A federal judge in California on Monday referred a Minneapolis attorney
and several associates for investigation on criminal, tax and
professional-standards charges related to their filing of hundreds of copyright
cases nationwide involving pornographic videos.
U.S. District Judge Otis Wright concluded that the plaintiffs attorneys perpetrated a fraud on the court in their handling of the lawsuits and ordered them to pay defense costs and penalties of $81,300 in his Los Angeles court. But that may not be the end of it. Wright ordered the defense attorneys to provide him with a list of similar cases nationwide.
The judge did not mince words. "Plaintiffs have outmaneuvered the legal system," he wrote in the first sentence of his order. "They've discovered the nexus of antiquated copyright laws, paralyzing social stigma, and unaffordable defense costs."
Wright said that copyright owners, including the plaintiffs, have a right to assert their intellectual property rights if done properly. But he said that the plaintiffs' use of offshore shell companies and allegations of forged signatures and identity fraud in the case caused him to go to "battlestations."
The target of the judge's sanctions are Paul Hansmeier, a young Minneapolis attorney, his associate from the University of Minnesota Law School, John Steele, now living in Florida and Las Vegas, and Chicago attorney Paul Duffy.
Hansmeier said he came up with the idea to sue people who allegedly downloaded pornography on the Internet using a software program called BitTorrent. Wright concluded that the lawsuits were a ploy to create a settlement mill in which the plaintiffs attorneys offered to settle their claims for about $4,000 apiece. The business model worked and produced millions in settlements because of the threat of statutory damages of $150,000 per claim, plus the high cost of litigation and the embarrassment associated with downloading porn, Wright wrote.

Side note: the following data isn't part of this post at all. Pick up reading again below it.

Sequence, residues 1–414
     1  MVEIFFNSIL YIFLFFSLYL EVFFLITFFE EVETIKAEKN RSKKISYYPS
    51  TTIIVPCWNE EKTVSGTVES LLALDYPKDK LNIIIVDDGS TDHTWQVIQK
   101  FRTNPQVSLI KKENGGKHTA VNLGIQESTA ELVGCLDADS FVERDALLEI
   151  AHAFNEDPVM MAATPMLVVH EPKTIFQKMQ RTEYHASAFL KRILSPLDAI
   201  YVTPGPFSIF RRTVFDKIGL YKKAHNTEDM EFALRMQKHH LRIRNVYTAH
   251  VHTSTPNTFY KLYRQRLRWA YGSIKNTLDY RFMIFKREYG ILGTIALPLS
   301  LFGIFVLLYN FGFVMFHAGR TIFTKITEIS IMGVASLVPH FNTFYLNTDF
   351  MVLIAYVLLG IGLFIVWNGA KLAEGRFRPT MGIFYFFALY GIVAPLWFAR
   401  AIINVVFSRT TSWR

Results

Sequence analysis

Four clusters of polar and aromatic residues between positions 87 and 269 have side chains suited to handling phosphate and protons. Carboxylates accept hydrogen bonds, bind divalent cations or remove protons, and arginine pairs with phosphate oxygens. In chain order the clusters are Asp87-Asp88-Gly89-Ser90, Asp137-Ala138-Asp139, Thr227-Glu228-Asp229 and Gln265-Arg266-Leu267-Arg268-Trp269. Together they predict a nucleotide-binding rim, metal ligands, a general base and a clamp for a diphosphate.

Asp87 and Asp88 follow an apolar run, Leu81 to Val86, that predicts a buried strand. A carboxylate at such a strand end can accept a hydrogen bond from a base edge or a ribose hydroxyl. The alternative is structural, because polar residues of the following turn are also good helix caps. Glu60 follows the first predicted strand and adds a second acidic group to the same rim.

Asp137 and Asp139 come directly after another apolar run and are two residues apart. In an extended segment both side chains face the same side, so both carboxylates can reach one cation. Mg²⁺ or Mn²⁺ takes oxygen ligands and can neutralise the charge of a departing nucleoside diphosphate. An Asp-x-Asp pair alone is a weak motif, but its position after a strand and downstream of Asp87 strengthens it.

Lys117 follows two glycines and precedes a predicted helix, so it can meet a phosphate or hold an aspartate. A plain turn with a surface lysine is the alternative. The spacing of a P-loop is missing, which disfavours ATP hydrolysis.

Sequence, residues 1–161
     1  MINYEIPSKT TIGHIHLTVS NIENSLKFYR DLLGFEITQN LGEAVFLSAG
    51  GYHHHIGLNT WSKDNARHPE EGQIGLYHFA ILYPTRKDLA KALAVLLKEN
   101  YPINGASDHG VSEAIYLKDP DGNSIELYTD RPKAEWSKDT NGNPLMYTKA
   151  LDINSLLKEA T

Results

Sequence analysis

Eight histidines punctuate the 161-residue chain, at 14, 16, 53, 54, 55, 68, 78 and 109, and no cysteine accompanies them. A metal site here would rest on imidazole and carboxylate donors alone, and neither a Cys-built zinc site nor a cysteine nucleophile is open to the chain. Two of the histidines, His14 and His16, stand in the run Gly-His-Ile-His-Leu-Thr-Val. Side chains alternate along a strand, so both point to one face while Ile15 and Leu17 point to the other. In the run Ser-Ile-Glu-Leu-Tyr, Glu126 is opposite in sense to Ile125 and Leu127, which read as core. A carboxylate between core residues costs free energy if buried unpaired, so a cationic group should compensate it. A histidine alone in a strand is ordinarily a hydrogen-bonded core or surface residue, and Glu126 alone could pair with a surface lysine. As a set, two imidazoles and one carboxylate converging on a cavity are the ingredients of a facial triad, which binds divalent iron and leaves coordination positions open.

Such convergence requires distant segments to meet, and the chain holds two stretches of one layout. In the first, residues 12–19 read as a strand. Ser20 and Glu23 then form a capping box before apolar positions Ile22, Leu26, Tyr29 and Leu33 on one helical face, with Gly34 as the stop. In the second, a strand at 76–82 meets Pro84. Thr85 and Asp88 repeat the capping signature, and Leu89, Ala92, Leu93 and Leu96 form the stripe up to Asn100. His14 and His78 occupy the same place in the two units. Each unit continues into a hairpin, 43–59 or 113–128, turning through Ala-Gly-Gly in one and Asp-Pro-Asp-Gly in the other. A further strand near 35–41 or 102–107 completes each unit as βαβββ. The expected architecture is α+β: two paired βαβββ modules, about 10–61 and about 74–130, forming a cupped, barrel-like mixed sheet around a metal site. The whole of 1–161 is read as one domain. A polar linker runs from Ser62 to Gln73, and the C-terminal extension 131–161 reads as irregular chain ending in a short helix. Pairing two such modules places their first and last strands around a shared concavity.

He said the plaintiffs showed little desire to press their claims when faced with a determined defendant. "Instead of litigating, they dismiss the case," he said. "When pressed for discovery, the Principals offer only disinformation -- even to the Court."
Wright said they stole the identity of Alan Cooper, a groundskeeper in North Isle, Minn., who took care of Steele's cabin, and submitted a document to the court that contained a forged signature for Cooper.
"Plaintiffs have demonstrated their willingness to deceive not just this Court, but other courts where they have appeared," the judge continued.
Wright lamented that he lacked authority to sanction everyone involved in the cases. But he said he did have the authority to award the defense their attorney fees and costs, and then doubled them as a punitive measure.
He said the plaintiffs' attorneys "suffer from a form of moral turpitude unbecoming an officer of the court. To this end, the Court will refer them to their respective state and federal bars."
Wright concluded by saying that their actions resemble a Racketeering Influenced Corrupt Organization (RICO). He said a federal agency "is familiar with their prime directive and will gladly refit them for their next voyage," adding that he would refer the matter to federal prosecutors in Los Angeles, to the IRS, and to "all of the judges before whom the attorneys have pending cases."
(c)2013 the Star Tribune (Minneapolis)
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